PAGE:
A significant segment of ordinary, middle-class Democrats, especially blue-collar workers and retirees, vote along racial and ethnic lines. The questions that interest them are politically relevant, but not politically correct. Is Obama an American with black skin color or a black man with an American passport? Is he a stranger or does he just seem like one? Is he part of the whole or just part of a segment of society? Ironically, the one candidate who is campaigning as a uniter appears to be dividing the party -- so much so, in fact, that the party establishment has spent the last few days debating Obama's electability.

http://www.spiegel.de/img/0,1020,1166236,00.jpg AP
The superdelegates now have no choice but to pick Obama.


When there was still something playful about the Obama euphoria, significant numbers of whites were voting for the black candidate and blacks for the white candidate. Obama found strong support among white voters in the Democratic primaries in Iowa, Kansas, Idaho and Colorado. Hillary Clinton, on the other hand, captured the votes of many African Americans. But this lightness has now vanished, and animosity and open hostility amongst the electorate have taken its place.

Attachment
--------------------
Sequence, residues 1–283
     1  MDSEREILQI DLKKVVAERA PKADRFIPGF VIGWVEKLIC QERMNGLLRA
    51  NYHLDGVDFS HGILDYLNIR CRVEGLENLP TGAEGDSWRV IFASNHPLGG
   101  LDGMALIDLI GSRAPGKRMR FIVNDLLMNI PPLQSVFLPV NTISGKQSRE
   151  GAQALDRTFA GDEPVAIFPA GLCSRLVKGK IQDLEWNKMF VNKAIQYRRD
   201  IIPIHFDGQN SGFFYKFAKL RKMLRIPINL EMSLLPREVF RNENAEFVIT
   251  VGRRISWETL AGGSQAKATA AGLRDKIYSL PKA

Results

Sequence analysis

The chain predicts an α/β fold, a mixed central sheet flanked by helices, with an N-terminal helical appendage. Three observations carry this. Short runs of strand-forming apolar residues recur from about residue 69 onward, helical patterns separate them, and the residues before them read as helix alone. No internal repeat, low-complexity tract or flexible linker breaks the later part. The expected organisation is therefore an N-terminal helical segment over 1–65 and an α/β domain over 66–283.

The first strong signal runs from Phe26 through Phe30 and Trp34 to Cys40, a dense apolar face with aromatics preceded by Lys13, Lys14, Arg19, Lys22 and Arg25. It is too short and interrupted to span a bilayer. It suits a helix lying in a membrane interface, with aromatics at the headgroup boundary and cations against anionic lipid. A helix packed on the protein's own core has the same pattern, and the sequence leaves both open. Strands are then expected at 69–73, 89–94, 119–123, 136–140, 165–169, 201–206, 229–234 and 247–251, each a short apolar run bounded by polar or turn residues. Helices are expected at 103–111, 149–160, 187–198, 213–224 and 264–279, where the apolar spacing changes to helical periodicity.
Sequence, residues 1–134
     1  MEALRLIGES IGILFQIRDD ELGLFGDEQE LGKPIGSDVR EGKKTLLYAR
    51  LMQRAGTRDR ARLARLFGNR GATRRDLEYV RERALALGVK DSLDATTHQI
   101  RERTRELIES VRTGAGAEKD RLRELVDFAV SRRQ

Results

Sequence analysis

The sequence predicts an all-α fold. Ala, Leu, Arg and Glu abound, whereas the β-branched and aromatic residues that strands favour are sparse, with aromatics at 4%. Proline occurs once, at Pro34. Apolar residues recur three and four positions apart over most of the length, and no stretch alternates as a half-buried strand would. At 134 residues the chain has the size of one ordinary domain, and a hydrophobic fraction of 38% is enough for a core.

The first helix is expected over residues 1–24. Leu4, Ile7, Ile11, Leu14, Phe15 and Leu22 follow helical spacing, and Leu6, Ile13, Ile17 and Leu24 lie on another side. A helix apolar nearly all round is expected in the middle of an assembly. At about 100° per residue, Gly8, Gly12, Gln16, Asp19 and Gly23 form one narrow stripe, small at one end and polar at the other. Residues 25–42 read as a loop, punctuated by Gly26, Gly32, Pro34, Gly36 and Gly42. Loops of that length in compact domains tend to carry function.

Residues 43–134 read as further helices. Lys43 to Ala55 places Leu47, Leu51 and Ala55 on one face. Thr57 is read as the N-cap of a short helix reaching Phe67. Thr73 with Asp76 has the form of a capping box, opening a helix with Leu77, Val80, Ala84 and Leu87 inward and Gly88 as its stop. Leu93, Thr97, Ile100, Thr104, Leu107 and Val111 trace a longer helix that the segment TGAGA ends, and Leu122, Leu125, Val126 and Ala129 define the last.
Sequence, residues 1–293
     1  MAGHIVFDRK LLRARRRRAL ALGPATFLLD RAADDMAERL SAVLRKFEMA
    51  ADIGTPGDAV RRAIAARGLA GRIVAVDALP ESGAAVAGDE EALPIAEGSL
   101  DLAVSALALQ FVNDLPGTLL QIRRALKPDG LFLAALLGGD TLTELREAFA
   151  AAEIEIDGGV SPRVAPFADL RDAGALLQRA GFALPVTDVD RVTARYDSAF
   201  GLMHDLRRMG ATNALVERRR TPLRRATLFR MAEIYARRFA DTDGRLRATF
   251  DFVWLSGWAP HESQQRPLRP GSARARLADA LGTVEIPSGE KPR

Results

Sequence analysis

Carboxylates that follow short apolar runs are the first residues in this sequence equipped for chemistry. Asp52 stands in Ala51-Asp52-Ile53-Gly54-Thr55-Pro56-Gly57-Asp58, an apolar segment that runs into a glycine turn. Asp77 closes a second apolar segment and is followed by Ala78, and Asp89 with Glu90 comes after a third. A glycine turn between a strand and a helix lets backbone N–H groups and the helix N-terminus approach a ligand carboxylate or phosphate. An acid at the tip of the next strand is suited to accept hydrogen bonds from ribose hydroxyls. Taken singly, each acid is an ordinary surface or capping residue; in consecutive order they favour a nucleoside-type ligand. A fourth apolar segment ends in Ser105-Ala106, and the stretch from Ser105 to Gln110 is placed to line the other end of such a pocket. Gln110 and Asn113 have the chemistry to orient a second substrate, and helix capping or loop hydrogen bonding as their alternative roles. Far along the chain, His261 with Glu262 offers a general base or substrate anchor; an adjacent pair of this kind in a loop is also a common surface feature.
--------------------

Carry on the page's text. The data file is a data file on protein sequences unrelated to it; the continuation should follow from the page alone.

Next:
The Democratic divide has become all the more apparent in states with large blue-collar populations, like Ohio and Pennsylvania, even to those who until then had believed that the entire country had succumbed to what had been described as Obama's "messiah factor." In Ohio, as in Pennsylvania, an overwhelming majority of white, blue-collar workers voted for Clinton. By the same token, a huge majority of African Americans voted for Obama.

Growing Disenchantment